State Reps. Joe Dorman and Gus Blackwell want to see rural firefighters get more state support.
“Rural fire departments in Oklahoma are getting hit on multiple fronts,” said Dorman, D-Rush Springs. “They are responding to around 75 percent of the wildfires in our state, but receiving less state funding than in the past. Now, a federal program has been halted that provides them with valuable vehicles and equipment.”
“We have had severe drought in Oklahoma this year and fire departments are feeling the strain,” said Blackwell, R-Laverne. “One of the rural fire departments in Northwest Oklahoma had to travel four hours to respond to the mutual aid call during the Fort Supply fire. That fire alone ate up most of their annual gas allowance.”
Rural fire departments across Oklahoma will be devastated by an agreement between the Department of Defense (DoD) and the Environmental Protection Agency (EPA) which stops making available excess DoD vehicles that are critical to rural fire departments’ ability to fight wildland fires.
Through two long-standing federal excess property programs, Federal Excess Personal Property (FEPP) and Firefighter Property program (FPP), Oklahoma Forestry Services has been able to assist rural fire departments by providing no-cost military trucks that are then re-manufactured into wildland engines and water tenders through its Rural Fire Assistance Program.
Currently there are 8,812 vehicle and pieces of equipment, valued at over $150 million, being utilized by Oklahoma’s rural fire departments.
According to a recent U.S. Drought Monitor report, May ended with 80 percent of the state in drought. Extreme-to-exceptional drought reached as high as 61 percent before the rains began late in the month and finished at 55 percent. Over one-quarter of the state remained in exceptional drought, the worst classification, by the month’s end.
Oklahoma’s most recent spring ended as the 10th driest on record since 1895. The first five months of the year were the driest since 1936 and the third driest such period on record (since 1895).
“These drought conditions could make this wildfire season one of the worst we have seen in years,” Dorman said. “I do not feel we can run the risk of leaving our volunteer fire departments and those areas they serve around the state at risk over the rest of the year without the proper funding and resources to do their jobs.”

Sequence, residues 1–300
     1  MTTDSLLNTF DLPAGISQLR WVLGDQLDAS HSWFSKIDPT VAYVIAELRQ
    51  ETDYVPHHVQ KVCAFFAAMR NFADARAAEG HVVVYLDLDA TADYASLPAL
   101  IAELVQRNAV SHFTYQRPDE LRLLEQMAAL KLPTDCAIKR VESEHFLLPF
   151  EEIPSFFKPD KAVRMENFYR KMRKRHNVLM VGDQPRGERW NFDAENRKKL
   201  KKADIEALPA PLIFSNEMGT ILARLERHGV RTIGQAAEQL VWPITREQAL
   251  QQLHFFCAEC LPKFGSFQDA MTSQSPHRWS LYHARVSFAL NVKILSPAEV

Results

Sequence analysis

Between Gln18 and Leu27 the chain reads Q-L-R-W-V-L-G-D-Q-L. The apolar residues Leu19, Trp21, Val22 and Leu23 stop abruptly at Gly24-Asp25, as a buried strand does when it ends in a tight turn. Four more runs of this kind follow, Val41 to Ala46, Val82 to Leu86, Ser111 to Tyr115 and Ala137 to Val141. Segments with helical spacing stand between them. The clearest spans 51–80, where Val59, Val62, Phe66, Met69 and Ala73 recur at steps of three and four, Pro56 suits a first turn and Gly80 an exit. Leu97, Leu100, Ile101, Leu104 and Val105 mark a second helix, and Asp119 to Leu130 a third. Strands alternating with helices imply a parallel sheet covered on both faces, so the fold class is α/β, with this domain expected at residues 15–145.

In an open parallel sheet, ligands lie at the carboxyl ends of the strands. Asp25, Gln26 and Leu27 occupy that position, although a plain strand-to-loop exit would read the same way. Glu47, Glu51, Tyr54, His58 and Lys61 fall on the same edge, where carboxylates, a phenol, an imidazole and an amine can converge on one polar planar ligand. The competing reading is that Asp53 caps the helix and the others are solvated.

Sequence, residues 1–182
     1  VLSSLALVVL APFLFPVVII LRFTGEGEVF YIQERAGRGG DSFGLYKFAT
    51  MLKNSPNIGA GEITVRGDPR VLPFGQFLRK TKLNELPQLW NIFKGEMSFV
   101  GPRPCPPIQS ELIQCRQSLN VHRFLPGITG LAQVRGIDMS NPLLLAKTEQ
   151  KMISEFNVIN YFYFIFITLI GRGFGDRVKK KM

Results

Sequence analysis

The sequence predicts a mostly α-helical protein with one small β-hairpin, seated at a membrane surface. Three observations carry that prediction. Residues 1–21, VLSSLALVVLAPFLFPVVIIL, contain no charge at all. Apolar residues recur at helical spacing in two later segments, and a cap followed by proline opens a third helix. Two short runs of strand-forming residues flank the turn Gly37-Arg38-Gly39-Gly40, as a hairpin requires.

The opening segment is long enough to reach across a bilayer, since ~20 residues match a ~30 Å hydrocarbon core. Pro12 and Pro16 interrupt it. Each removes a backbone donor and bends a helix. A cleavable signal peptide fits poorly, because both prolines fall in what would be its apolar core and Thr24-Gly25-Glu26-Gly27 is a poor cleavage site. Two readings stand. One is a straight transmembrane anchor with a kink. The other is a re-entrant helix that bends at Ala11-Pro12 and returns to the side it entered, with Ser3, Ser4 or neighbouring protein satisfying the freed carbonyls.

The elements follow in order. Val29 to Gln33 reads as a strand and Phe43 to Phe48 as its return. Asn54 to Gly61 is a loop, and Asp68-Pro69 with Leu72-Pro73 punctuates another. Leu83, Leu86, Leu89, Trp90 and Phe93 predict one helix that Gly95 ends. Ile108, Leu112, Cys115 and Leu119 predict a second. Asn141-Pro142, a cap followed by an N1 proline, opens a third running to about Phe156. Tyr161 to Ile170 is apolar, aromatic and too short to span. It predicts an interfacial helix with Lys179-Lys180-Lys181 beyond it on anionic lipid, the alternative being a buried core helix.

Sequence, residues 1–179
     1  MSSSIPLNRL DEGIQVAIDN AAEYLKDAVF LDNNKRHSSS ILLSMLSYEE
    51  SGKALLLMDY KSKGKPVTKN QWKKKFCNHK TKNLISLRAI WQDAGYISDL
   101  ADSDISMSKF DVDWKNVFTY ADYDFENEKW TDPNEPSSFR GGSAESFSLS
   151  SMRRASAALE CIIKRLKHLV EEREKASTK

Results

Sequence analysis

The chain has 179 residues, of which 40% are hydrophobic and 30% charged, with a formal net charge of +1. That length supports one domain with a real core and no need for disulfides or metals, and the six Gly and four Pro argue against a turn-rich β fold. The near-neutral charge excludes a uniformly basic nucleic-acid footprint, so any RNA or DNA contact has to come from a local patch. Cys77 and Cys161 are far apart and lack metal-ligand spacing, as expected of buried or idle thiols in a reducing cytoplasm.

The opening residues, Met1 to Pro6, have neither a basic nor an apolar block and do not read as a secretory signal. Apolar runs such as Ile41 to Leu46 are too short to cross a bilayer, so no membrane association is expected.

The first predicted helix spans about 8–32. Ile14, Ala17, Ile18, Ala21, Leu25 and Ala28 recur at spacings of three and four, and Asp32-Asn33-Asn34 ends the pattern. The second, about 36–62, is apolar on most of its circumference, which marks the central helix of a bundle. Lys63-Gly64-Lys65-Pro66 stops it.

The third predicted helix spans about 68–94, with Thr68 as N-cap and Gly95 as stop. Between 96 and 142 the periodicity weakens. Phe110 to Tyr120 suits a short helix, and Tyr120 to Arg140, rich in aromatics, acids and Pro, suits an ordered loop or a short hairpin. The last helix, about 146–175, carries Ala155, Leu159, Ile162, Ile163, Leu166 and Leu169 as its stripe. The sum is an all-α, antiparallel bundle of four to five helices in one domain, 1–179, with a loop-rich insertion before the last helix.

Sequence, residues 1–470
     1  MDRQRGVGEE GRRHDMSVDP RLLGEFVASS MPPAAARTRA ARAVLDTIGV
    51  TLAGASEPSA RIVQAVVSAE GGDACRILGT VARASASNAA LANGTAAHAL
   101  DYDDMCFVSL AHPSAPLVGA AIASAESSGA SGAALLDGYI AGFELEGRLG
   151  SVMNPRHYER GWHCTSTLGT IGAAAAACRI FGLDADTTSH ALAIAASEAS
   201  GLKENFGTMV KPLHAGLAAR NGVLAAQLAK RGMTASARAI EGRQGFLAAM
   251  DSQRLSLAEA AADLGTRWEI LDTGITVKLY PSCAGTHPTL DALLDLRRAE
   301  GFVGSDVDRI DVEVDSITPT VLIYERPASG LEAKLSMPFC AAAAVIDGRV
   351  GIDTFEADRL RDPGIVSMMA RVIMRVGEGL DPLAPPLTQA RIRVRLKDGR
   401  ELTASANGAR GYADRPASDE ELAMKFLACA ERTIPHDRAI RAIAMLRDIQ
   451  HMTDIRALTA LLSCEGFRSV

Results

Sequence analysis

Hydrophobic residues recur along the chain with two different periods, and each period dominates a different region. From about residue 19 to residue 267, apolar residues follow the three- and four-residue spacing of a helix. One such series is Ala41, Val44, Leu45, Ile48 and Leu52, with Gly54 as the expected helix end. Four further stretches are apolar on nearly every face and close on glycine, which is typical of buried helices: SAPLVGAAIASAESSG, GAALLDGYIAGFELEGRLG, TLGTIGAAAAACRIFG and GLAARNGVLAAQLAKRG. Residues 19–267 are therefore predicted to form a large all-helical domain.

Wildfires in Oklahoma from 2005 to 2013 have burned 955,772 acres, or about 106,000 acres per year. With more than 30,000 acres burned this May, there has already been more damage than the 18,394 acres that burned in 2013.
Dorman, the senior Democratic member of the House General Conference Committee on Appropriations said that rural fire departments receive an appropriation through the Oklahoma Department of Agriculture, Food and Forestry. The agency was forced to cut support to rural fire departments in response to budget cuts in recent years. Specifically, the 80/20 grants provided to fire departments have been reduced due to cuts.
The Rural Economic Action Plan, which among other things provides funding to rural fire departments, took a cut of 5.5 percent in the Fiscal Year 2015 budget signed by Gov. Mary Fallin. Over the years, it has been reduced from $15 million to $10 million.
Dorman and Blackwell said an increase in funding for rural fire departments is of critical importance and easily affordable. An increase of $5 million, for example, would have a significant positive impact, but almost no effect on the budget, they said.
The two term-limited state lawmakers also urged Oklahomans with the means to support their local volunteer fire departments to get in touch with their fire chiefs about how they can offer assistance.